• Pump power: (Waste heat * Tc / (Th - Tc)) / Pump Efficiency
Pump power is how many watts the heat pumps consume. Waste heat is how many watts must be removed from the component. Tc is the component's temperature. Th is the radiator's temperature, both in Kelvins. Pump efficiency is a coefficient.
The refrigeration cycle is an example of a heat pump.
A coolant must generally be kept liquid. This imposes a lower and upper limit to the coolant temperature; any colder and it will freeze and block the pipes, any hotter it boils and stops flowing. Water coolant, for example, can only be used between 273 and 373K. More importantly, it limits the temperature difference that can be obtained from a radiator.

Large temperature differences require that the coolant spend a long time inside the radiator. This requires larger radiators or long, circuitous paths for the pipes. As the coolant becomes colder, it radiates at lower rates, meaning that the last 10 kelvin drop in temperature can take exponentially more time than the first 10 kelvin reduction. There are strong diminishing returns. 

There are also structural concerns. Large temperature differences impose thermal stresses. These might be too great to handle. Lightweight, stressed radiators are prone to reacting badly to any sort of battle damage, making radiators a weak-spot for any sort of warship.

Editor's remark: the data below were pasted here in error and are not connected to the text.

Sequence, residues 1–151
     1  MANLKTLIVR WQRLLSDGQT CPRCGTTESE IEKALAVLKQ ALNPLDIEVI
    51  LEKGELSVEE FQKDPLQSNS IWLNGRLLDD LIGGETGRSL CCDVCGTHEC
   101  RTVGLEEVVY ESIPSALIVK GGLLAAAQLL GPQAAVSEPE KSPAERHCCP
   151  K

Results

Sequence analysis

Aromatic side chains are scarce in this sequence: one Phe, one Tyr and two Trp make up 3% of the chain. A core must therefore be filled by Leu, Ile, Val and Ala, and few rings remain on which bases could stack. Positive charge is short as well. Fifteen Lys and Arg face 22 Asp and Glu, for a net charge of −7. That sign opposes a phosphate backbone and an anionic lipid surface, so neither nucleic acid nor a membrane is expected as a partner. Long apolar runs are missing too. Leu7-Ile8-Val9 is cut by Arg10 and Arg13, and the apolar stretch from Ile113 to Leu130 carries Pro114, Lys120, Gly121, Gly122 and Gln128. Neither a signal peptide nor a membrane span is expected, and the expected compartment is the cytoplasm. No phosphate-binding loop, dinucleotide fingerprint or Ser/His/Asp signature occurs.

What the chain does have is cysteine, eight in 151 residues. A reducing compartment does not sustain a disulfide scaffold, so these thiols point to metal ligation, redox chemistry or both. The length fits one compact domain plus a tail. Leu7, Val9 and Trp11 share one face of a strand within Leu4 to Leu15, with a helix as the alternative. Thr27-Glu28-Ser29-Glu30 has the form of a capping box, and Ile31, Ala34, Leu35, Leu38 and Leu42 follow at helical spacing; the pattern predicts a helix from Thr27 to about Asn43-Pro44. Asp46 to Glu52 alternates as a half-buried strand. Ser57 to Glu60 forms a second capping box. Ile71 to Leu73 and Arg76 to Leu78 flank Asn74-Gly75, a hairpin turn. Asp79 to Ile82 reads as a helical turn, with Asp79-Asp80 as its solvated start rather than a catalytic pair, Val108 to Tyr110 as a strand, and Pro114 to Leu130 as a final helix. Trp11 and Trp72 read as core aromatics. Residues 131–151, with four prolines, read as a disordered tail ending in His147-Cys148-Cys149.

The ISS radiators' support spars. A spaceship under acceleration will need much more support.
All in all, we must keep in mind that there is a restricted range of temperatures between the hot and cold ends of a radiator, and that its performance cannot simply be obtained by using the Stefan Boltzmann equation on the maximum temperature. We cannot use a simple average either, because the coolant loses heat at a quadratically declining rate as it moves from higher to lower temperatures. 

Here is an example of 1 kg of sodium at 1000K being cooled by a 0.8 emissivity one-sided 1m^2 radiator panel:

We can see that it takes 17 seconds for the sodium to cool down from 1000K to close to its melting point of 370K. Any cooler and it'll solidify in the pipes. If we average the radiated watts, we get a value close to 11.46kW. This corresponds to an average radiating temperature of 545K.  

Finally, a radiator suffers stresses when a spaceship accelerates. Some types of radiator break or disperse under strong accelerations, so the spaceship's performance needs to be considered before selecting a design.

Solid Radiators
A straightforward design used today.